Nightclubs move to the Internet with the continued outbreak of Corona virus

Colorful lights flash on a semi-empty dance floor, as a music coordinator broadcasts live from one of the nightclubs in Singapore to party leaders trapped in their homes due to the Corona virus.

This virus that has been sweeping the noisy nights of the world has undermined London to New York, but music curators are starting to present their shows online so that no-one can miss them.

This initiative is a new example of how the virus, which forced about 3.6 billion people to stay home, turns daily life in ways that would have been unimaginable until a short time while governments imposed restrictions and social separation to stop its spread.

And after Singapore ordered the closure of many entertainment venues during the past week with a steady rise in injuries, the Zuk nightclub organized a "cloud clap" party and broadcasted live shows through a special application, in which six cylinder coordinators participated.

The party was held on Friday evening, the day that hundreds of pioneers usually flock to the nightclub, and only a handful of people were allowed to attend, most of them employees.

CD Coordinator Nash De admitted that he had found it strange to start.

"When I put music to move a ballroom full of people, I feel the energy coming back to me, and I like to distribute that energy through music," said this musician, whose real name is Dhanish Nair.

However, he quickly got used to the new situation and explained that the live comments that the pioneers were writing and appearing on the laptop were useful. "She directed me to the requests of the songs they were introducing me in my work somewhat."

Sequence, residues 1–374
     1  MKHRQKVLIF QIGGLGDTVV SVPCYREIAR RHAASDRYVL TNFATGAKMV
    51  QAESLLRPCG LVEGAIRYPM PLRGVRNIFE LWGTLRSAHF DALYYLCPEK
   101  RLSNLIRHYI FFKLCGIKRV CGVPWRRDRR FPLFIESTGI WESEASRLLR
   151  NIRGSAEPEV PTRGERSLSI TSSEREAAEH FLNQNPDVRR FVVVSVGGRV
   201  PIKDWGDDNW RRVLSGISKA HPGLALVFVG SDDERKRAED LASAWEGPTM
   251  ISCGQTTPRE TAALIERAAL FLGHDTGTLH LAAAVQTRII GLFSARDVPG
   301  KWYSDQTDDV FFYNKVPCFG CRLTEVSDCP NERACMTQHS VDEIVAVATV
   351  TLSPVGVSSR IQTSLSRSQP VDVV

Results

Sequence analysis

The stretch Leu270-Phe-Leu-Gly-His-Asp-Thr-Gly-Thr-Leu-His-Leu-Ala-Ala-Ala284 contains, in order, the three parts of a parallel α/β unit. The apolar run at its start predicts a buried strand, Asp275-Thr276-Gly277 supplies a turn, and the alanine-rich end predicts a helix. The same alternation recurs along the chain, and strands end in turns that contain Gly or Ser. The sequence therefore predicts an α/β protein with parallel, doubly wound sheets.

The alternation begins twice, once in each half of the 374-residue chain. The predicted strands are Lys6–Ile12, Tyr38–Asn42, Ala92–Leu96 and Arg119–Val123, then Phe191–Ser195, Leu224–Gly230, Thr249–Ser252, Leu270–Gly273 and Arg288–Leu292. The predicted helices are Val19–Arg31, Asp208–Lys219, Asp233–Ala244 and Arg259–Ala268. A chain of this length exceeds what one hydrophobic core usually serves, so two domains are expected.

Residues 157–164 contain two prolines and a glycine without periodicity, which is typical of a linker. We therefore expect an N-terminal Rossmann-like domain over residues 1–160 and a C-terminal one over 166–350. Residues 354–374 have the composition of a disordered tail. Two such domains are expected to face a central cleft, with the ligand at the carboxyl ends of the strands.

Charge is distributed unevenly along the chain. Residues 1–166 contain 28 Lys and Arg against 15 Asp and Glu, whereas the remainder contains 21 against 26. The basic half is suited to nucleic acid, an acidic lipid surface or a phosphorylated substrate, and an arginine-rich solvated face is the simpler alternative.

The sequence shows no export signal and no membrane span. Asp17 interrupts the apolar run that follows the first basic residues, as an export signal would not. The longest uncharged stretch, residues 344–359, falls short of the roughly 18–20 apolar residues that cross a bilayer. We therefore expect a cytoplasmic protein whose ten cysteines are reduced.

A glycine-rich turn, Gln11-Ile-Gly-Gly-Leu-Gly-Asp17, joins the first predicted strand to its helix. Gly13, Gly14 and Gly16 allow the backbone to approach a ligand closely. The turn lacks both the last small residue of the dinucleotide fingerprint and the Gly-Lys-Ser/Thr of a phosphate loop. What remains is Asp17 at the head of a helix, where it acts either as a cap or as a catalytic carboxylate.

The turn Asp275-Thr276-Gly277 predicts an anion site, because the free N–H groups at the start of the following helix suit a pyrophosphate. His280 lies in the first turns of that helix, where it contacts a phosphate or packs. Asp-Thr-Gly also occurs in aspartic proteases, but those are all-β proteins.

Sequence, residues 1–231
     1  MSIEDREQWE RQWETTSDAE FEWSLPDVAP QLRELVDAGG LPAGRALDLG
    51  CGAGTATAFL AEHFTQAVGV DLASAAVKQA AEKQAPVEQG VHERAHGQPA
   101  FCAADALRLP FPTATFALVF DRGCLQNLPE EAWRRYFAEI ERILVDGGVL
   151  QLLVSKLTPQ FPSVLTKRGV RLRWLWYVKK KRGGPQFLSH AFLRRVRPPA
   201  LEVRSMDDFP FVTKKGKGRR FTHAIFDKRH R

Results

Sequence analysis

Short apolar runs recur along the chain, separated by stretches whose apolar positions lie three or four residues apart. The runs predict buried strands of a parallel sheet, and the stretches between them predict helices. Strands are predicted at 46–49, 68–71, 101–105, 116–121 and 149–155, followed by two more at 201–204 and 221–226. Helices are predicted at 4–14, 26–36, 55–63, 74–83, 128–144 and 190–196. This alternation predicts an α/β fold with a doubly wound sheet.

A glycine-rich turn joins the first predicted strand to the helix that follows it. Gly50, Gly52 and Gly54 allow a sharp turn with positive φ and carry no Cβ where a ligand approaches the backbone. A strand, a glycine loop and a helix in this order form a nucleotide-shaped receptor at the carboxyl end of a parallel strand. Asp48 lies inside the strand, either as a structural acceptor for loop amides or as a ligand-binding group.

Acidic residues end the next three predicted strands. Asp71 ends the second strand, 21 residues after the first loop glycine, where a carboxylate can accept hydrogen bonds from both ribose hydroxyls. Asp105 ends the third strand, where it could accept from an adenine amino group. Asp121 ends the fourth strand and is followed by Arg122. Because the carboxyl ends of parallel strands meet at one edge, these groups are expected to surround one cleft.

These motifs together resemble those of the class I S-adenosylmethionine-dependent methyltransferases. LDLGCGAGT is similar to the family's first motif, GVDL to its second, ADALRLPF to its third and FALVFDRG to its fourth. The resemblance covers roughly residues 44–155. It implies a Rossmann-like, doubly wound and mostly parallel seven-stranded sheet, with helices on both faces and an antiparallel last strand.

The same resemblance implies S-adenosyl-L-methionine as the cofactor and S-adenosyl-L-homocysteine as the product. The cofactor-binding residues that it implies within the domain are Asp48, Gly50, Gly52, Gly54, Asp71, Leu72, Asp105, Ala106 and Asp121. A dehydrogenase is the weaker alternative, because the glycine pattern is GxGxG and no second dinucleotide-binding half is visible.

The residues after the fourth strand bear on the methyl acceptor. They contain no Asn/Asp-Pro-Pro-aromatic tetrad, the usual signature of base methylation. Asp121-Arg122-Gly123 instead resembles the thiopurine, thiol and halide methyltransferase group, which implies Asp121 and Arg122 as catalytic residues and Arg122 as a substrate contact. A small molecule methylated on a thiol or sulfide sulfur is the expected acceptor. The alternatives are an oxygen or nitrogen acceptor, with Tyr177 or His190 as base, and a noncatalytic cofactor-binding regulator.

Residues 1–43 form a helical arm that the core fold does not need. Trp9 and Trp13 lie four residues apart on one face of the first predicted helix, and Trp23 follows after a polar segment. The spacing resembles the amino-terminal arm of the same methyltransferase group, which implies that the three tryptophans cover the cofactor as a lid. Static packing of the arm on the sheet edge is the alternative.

In addition to comments received through the Bingo Live live streaming application, the "attendees" sent virtual gifts to disc coordinators such as bells and snowflakes, which could later be exchanged for money.

The nightclub partnered with Razer gaming equipment and launched a live streaming app that attracted 200,000 views to the three-hour event.

In China, where the virus first appeared last year, CDs and nightclubs began presenting live broadcasts in early February, when the outbreak in the country was at its peak.

The Shanghai and Beijing clubs were pioneers in broadcasting live performances directly on "Doyen", the Chinese version of "Tik Tok" which also allowed fans to offer gifts that could be exchanged for money. The "One Third" club in Beijing attracted more than a million viewers on its site and achieved nearly two million yuan (280,000 dollars) of the rewards offered by the attendees in a five-hour live broadcast, according to the "I Fang" news website.

Indoor nightclubs and home-based CDs also organize virtual dance parties in New York and the epidemic outbreak center in the United States.

The Dance Cartel began organizing "social spacing" parties aimed at "dancing together, separately" three times a week.

The participants dance with each other through the "Zoom" application, while some wear special dance costumes while others highlight colorful disco lights.

The parties are free of charge, but attendees are encouraged to make voluntary contributions to CDs and host clubs.

As the death toll from the Corona virus rises to more than 42,000 globally, it appears that "online" clubs will become more common.

Singapore's decision to close nightclubs came as authorities tightened restrictions after the number of injuries reached 900, including three deaths.

 

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